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Forever Foxy: The Pam Grier Interview with Dallas South News

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By Lorrie Irby Jackson

She’s a ground-breaking, game-changing actress whose talents became etched in cinematic history more than thirty years ago, thanks to her portrayals of gorgeous, gun-toting sisters like Coffy and Foxy Brown. Those characters rocked courage as well as they did high-heeled shoes and refused to let a man play them like dizzy dames. Now, as a 61-year-old icon and cancer survivor, Ms. Pam Grier has recently added ‘author’ to her long list of accomplishments, penning an informative, entertaining and revelatory memoir entitled Foxy: My Life In Three Acts, which will be promoted in Ft. Worth during their Leaders for Literary Luncheon event on Friday and signed on both Friday evening and Saturday during meet-and-greets at Ft. Worth’s The Dock Bookshop and Dallas’ South Dallas Cultural Center, respectively.

Before visiting the Lone Star State, Ms. Grier spoke with Dallas South News from her ranch home in rural Colorado, revealing her hard-won personal triumphs, life trials, political savvy, her hope for a better America and even some surprisingly easy tips that she employs to keep herself, like her best-selling book, staying super-foxy.

LORRIE IRBY JACKSON- It’s an honor to speak with you today Ms. Grier, how are you?

PAM GRIER- It’s a heat wave! (laughing)  It’s almost 108, and where I live in the country, they started building these little patches of McMansions and didn’t upgrade the power grid like they promised they would, so these huge mansions are now running the a/c for 7K, 8K, 10K square foot homes. Can you imagine?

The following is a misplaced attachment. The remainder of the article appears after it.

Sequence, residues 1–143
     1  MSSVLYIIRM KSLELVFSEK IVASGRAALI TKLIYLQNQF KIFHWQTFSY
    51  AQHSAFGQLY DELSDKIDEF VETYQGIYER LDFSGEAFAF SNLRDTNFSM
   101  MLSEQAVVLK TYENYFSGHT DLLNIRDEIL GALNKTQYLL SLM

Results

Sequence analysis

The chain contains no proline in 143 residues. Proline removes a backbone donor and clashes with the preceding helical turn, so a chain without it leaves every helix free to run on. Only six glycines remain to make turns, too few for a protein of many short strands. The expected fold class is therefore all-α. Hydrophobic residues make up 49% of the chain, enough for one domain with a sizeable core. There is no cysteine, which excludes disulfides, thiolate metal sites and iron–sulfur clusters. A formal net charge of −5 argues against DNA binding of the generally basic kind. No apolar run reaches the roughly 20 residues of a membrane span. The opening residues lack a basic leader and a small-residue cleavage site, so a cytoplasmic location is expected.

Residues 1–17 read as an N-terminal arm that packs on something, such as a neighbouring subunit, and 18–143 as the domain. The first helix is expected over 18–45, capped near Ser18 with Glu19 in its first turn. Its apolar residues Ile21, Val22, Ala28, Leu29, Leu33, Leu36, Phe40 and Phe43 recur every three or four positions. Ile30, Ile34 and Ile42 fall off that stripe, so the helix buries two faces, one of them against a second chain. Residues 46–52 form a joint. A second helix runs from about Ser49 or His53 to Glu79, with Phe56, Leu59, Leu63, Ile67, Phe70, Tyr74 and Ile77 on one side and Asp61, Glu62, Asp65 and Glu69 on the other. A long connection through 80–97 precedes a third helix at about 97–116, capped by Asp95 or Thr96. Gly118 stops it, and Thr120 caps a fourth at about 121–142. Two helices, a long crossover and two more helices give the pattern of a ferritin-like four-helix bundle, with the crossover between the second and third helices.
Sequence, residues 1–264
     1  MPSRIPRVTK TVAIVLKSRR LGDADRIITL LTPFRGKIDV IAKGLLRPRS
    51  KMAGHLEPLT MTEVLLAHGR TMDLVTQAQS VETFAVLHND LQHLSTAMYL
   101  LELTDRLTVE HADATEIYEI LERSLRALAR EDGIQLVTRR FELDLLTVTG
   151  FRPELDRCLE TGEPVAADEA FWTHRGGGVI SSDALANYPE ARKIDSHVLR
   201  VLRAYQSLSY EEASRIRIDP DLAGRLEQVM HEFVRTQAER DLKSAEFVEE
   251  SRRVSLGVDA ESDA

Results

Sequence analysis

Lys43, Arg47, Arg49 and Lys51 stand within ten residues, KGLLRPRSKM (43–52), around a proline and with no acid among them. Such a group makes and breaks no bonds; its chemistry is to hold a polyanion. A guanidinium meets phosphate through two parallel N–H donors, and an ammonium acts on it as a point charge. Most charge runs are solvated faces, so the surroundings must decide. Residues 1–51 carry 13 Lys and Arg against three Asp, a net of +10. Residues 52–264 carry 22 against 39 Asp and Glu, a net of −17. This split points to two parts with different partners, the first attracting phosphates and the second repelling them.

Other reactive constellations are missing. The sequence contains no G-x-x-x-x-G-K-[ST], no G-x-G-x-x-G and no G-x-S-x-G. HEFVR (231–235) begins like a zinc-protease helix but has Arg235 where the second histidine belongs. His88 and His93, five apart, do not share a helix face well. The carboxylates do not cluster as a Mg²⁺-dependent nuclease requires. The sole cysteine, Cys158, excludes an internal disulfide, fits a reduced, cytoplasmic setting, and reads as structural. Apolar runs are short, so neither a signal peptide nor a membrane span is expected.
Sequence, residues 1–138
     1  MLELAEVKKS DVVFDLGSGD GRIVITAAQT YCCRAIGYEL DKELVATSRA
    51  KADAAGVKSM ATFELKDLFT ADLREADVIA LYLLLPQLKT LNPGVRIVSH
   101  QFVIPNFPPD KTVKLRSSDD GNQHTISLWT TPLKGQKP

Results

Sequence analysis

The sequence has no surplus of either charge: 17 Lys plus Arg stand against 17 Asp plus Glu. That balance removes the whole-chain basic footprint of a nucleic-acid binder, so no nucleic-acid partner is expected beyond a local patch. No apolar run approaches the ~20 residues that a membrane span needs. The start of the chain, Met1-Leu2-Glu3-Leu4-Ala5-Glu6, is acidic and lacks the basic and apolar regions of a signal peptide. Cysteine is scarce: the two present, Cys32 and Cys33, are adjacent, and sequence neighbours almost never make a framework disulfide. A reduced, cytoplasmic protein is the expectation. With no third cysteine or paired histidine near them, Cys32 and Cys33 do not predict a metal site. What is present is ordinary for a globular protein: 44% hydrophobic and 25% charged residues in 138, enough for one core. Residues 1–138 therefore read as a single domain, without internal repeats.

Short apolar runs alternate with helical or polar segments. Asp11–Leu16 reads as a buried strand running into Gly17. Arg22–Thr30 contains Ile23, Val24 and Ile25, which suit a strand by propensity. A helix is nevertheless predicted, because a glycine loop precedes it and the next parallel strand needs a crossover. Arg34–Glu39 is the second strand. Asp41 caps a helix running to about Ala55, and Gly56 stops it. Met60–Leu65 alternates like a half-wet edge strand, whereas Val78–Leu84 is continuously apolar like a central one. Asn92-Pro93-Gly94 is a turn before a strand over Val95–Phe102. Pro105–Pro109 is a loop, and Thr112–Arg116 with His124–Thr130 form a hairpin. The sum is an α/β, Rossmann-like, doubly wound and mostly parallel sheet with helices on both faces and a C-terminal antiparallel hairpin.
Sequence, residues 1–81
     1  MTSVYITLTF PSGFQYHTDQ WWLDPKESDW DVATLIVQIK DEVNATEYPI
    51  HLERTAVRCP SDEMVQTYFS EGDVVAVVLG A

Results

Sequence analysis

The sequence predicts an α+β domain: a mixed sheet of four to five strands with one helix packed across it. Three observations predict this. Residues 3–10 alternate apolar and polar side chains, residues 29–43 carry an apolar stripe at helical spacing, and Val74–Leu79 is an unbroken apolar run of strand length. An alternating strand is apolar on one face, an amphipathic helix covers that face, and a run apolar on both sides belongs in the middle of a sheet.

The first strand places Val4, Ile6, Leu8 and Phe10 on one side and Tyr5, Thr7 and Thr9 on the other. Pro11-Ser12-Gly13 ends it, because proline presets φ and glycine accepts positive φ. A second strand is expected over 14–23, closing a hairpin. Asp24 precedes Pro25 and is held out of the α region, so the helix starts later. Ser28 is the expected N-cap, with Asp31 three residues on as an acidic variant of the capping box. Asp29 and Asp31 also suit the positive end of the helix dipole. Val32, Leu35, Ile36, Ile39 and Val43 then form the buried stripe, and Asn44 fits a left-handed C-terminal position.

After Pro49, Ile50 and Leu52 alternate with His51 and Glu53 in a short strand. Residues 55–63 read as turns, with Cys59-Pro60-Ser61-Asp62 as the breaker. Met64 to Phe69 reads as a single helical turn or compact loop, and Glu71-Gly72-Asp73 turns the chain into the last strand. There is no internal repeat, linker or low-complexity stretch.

LIJ- That’s messed up.

PG- We had a black-out yesterday, no air, and we had another black-out this morning. I have a generator hooked up to the gas line and its coming on, going off, going on, coming off. The trees help, but the dogs aren’t moving and the horses are standing right under the trees.

LIJ- Well, living in Texas, I can definitely relate. I have to confess that before I spoke with you and read the book, I watched the film Jackie Brown again and marveled at the prowess you displayed in that role.

PG- Thank you!  It’s really interesting for someone to invest 2 years of their life, a pop culture director and writer, who doesn’t have to write about a black woman. Whenever I watch it, I see so many interesting nuances in those four different story lines, and having to shoot them out of sequence.

I remember how hard it was and that I wanted to make them all proud that I could do the work. Quentin (Tarantino) did say, because I’d done theater for so many years (Fool For Love, Something Wicked This Way Comes) and was so dedicated to it, that he felt that I would be able to execute Jackie Brown with the finesse that he had written about. I was exhausted, because you have to repeat certain things over and over with such exactness, and it’s hard to repeat reality. He was so thorough that he painted her apartment six times to look good with her uniform and her skin color.

LIJ- Wow! How did you personally prepare for becoming Jackie Brown?

PG- I researched everything, even the jail to see what it was like. I wanted to see how I would look, how’s my hair gonna look, how am I gonna look and feel and smell. I really had to have my body movement, my walk from jail, I wanted it all to be very authentic. I wanted to show the energy of how she felt when she got back to the house.

And the scene when Ordell (Samuel L. Jackson) comes…..he staged that scene for 3 days!  Quentin said to me ‘Pam, I don’t want you to drop a line,  I want this to be a long-running 15 min scene like out of the movies in the 70’s,’ when we couldn’t afford cutting and post-production. I choreographed it from point A to point B and tried to stay on the mark. And to see me get through the rigors of that scene…how is she gonna move around, go to the refrigerator, get the ice out, get the vodka out, get the juice out, go turn on the record player, light the cigarette, get the gun, put it in the back of her skirt without him seeing it? I had to practice. He said ‘Pam, there are no special effects. You have to do it as if this is your life.’

LIJ- It was a modern masterpiece in my opinion. Will you two work together again in the near future?

PG- I don’t know yet, but other filmmakers are looking at my book as a film, he might be the perfect director for that.